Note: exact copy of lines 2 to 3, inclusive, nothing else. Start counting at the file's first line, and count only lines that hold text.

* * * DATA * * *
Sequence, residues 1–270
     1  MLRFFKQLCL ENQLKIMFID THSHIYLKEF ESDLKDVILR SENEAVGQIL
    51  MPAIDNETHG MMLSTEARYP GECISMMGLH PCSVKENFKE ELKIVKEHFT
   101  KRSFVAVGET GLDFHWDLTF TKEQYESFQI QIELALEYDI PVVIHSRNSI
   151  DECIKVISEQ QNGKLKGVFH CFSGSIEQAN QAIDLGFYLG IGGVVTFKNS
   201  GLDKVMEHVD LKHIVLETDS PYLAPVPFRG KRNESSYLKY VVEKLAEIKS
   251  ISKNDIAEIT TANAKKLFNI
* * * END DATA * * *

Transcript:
     1  MLRFFKQLCL ENQLKIMFID THSHIYLKEF ESDLKDVILR SENEAVGQIL
    51  MPAIDNETHG MMLSTEARYP GECISMMGLH PCSVKENFKE ELKIVKEHFT